07.02.2020 Designed by David Chipperfield Architects, the Museumsinsel’s central entrance building has won the annual DAM Prize for Architecture, awarded by the Deutsches Architekturmuseum.
Designed by David Chipperfield Architects, the Museumsinsel’s central entrance building has won the annual DAM Prize for Architecture, awarded by the Deutsches Architekturmuseum.
Hermann Parzinger, President of the Stiftung Preussischer Kulturbesitz, underscored the achievement, saying: “This important prize and the overwhelming response of the public has confirmed to us that we are on the right path with our implementation of the Museumsinsel Masterplan, and that the development of the UNESCO World Heritage Site into a contemporary museum complex is worth all the effort. With the brilliant design by David Chipperfield Architects, we have created the fitting keystone that completes this historical ensemble of buildings.”
The James-Simon-Galerie has been open to the public since July 2019, and has already received some 1.1 million visitors. Constructed on the only undeveloped plot left on the island, the building functions as the entrance point to the Museumsinsel, providing central service functions for the entire network of museums. In addition to a special exhibition space and auditorium, spacious ticket, information and cloak-room facilities, along with a shop, café and restaurant, the James-Simon-Galerie guides visitors directly into the display of the Pergamonmuseum, and via the Archaeological Promenade, into the Neues Museum. With its large, accommodating entrance staircase and colonnades, it fits perfectly into its environment, shaped by the architectural visions of Schinkel, Stüler, Messel and Ihne, and yet its architectural language remains undeniably contemporary. The building is named after the great patron of the Staatliche Museen zu Berlin, James Simon (1852–1932).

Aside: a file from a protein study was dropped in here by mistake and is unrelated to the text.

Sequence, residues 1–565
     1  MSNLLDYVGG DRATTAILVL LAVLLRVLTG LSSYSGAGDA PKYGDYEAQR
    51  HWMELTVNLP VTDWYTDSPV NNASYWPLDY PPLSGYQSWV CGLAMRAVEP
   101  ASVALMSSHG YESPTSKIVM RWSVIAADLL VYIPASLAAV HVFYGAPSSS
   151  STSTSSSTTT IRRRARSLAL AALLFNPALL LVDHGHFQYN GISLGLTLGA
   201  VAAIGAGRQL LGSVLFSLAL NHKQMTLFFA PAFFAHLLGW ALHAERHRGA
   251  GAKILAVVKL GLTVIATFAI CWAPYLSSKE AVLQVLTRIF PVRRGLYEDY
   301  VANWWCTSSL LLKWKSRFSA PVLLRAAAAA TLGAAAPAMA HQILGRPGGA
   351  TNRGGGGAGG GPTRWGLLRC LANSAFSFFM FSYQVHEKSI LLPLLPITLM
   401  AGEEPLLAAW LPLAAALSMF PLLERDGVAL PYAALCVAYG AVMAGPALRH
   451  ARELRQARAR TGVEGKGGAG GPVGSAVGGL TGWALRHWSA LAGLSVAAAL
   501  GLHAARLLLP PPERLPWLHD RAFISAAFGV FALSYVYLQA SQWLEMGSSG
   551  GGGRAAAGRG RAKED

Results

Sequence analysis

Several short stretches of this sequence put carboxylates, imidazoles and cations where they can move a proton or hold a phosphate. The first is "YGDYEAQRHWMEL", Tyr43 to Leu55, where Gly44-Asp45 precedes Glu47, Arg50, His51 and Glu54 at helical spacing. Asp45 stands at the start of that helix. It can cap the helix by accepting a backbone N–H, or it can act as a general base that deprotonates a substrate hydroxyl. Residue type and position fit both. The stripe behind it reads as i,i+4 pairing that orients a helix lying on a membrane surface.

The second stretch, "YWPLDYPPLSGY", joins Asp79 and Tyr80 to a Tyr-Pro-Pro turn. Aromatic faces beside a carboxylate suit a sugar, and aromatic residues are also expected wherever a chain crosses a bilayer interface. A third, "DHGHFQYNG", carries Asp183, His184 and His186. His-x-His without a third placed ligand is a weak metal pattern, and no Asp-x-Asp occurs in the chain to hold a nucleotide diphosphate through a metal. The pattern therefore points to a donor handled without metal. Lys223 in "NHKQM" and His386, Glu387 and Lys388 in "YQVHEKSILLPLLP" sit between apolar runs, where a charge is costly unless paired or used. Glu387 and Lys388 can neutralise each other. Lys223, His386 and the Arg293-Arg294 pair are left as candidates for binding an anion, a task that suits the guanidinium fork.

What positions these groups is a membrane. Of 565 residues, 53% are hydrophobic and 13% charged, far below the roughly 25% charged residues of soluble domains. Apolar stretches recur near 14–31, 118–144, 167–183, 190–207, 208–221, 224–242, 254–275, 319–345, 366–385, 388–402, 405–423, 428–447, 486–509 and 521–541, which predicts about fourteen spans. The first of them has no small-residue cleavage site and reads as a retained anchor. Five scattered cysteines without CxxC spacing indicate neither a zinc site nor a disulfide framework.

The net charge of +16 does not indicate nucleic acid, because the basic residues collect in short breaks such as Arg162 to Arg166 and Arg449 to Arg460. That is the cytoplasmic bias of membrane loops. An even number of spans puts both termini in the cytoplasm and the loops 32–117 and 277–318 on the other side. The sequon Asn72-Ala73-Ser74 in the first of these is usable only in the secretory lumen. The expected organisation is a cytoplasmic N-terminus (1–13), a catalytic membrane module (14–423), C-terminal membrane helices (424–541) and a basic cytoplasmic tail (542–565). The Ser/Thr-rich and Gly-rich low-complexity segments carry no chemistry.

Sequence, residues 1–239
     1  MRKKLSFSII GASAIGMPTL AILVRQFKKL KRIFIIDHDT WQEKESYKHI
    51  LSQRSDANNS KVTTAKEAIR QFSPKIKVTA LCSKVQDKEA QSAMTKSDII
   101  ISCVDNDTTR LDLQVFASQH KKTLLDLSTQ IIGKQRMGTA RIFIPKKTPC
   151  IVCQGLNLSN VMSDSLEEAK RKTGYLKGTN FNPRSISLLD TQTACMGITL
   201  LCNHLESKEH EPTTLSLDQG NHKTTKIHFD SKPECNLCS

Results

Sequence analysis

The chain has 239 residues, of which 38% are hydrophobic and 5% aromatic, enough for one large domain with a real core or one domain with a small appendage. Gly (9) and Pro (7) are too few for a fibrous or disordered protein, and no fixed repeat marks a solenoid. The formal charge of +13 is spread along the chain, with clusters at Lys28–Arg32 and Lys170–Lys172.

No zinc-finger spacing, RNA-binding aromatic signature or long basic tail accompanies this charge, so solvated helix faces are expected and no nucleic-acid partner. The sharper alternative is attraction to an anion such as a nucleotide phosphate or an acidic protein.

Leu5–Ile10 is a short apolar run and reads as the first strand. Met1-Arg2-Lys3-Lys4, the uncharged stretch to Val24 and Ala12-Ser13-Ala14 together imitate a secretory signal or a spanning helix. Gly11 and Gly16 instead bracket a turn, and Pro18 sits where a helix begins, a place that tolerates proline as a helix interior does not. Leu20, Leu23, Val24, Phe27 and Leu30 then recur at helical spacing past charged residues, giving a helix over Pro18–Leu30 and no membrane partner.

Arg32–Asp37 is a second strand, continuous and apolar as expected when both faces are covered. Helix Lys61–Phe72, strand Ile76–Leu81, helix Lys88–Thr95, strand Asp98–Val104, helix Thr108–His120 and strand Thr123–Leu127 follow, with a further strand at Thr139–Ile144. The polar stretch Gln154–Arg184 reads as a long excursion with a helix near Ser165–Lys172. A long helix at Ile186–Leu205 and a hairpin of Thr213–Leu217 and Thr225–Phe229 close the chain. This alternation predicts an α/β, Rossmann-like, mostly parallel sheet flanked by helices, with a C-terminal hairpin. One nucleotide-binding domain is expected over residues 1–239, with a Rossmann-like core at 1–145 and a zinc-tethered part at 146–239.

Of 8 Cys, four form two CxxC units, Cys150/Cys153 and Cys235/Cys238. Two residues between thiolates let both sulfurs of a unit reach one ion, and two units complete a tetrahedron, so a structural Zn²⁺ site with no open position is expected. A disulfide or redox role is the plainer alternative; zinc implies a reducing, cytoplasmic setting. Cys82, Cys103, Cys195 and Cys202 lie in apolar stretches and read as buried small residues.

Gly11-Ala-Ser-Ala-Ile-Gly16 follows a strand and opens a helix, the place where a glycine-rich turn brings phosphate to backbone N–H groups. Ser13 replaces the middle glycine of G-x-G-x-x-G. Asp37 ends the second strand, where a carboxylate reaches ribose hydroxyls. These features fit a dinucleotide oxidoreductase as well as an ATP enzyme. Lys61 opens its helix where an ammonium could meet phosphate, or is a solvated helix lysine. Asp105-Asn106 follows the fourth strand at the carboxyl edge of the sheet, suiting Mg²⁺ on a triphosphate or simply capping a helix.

David Chipperfield Architects had already received the 2010 DAM Prize for their concept for reconstructing the neighbouring Neues Museum, which had been partially destroyed during the Second World War. The Neues Museum presents world-famous treasures of art and culture, such as the Bust of Nefertiti, and is one of Berlin’s biggest drawcards.